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  • Writer's pictureDr. Kade Sharp, PhD, LICSW, CMHS, CST, RPT-S

How Do I “Come Out” as LGBTQ+?

It’s about to be October 11th, which is National Coming Out Day here in the United States. A lot of factors play into whether or not someone tells others about how they identify when it comes to their gender or sexuality. In this post, I won’t dive into those factors or talk much about how to decide if you should tell others or not - that is a discussion I love to have with folks but it’s a lot better in-person than it is in written words on a screen. That decision is so unique to each individual that I don’t feel right about providing blanket guidance or advice here. So the suggestions you’re about to see are for the people that have decided they ARE coming out!

Just a quick note: “coming out” is not my favorite phrase because it kind of implies we’re hiding away somewhere until we tell others about our identity, which is not what’s up... but for the sake of clarity, I will still use it here and in related posts.

What are some serious ways to come out?

  1. Letters: This is a classic - from gay authors back in the day writing letters to their loved ones to inform them of their sexuality to musicians these days that post letters online to sports athletes that put their letters in newspapers and magazines, there is no right or wrong way to do it. This method allows you to put all of your thoughts, feelings, and journey into a monologue that others can read to learn more about you and your story without being able to interrupt with questions, concerns, or supportive words. It allows your message to sink in before they respond.

  2. Facebook: You could make this one “fun”, as I’ve seen some folks that have a “gender reveal photoshoot” to come out as trans or posting photoshopped pictures of them with some potential dates with famous folks of varied genders… But generally this is a pretty serious way to come out to your friends, family, and acquaintances. A thoughtful post sharing whatever information you want the world to know can be very impactful and to-the-point.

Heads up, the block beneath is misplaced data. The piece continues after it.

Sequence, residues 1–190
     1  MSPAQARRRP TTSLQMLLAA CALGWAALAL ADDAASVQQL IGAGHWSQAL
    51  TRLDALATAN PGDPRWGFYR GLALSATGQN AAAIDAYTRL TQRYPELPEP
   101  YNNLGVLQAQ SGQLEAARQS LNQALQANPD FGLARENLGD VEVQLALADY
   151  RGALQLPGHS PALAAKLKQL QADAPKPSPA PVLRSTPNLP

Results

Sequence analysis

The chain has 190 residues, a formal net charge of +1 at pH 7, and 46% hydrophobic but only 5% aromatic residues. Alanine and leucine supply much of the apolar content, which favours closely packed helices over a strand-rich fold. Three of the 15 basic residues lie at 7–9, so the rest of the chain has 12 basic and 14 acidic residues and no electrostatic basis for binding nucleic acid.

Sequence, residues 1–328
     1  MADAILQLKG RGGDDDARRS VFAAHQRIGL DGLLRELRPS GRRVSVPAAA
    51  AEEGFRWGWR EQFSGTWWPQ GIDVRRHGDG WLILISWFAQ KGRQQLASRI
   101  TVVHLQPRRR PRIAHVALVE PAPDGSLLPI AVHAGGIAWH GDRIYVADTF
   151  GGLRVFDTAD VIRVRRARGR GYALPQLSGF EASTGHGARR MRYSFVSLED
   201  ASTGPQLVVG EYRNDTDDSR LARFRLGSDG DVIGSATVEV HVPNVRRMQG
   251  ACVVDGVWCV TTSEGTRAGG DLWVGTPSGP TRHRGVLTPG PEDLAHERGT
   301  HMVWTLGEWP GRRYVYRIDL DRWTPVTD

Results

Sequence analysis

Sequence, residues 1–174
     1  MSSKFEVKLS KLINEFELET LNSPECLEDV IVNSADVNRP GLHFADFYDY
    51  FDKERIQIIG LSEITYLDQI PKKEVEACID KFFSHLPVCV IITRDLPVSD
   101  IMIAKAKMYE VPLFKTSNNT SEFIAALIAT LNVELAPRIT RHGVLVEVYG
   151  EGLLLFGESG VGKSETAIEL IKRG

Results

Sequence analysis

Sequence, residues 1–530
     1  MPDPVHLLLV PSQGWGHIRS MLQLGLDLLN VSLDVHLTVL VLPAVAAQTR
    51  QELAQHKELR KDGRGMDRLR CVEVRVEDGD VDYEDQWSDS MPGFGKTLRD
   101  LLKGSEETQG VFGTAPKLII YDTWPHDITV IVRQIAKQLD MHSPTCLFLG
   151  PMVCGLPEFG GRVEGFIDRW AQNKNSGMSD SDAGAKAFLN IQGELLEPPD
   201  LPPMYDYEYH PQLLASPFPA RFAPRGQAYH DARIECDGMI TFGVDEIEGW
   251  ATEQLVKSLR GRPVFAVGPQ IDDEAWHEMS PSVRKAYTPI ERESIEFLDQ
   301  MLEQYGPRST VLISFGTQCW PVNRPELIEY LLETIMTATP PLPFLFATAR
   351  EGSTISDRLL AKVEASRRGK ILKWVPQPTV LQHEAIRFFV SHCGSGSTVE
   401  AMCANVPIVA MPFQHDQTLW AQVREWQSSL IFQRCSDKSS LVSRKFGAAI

3. Texts/Emails: If a letter feels too formal and Facebook gives too broad of an audience to your message, you can always directly text (or email) those that you want to tell. This gives you a chance to have a pointed message to each person you’re contacting (or to copy and paste the same thing or send a group text or group email, if you want.)

  4. Conversation: Sitting down with the person you intend to tell (or a group of people all at once) and putting yourself out there also takes a lot of bravery. You will see their reactions in real-time and they will have a chance to clarify what you’re telling them. If you do best with in-person discussions around big topics, this might be the right path for you.

  5. Writing a book or zine: If your journey has been a long one and there is a lot that’s been left unsaid, you may choose to write and self-publish a book or zine as a way to come out. Whether it’s a narrative, poetry, collage, or picture book/zine, this could be a way to show others how you feel and identify. And you can set the tone - if it’s serious, it’s serious. Once you’ve completed the book or zine, you can send (digital or physical) copies to those that you want to announce your identity to.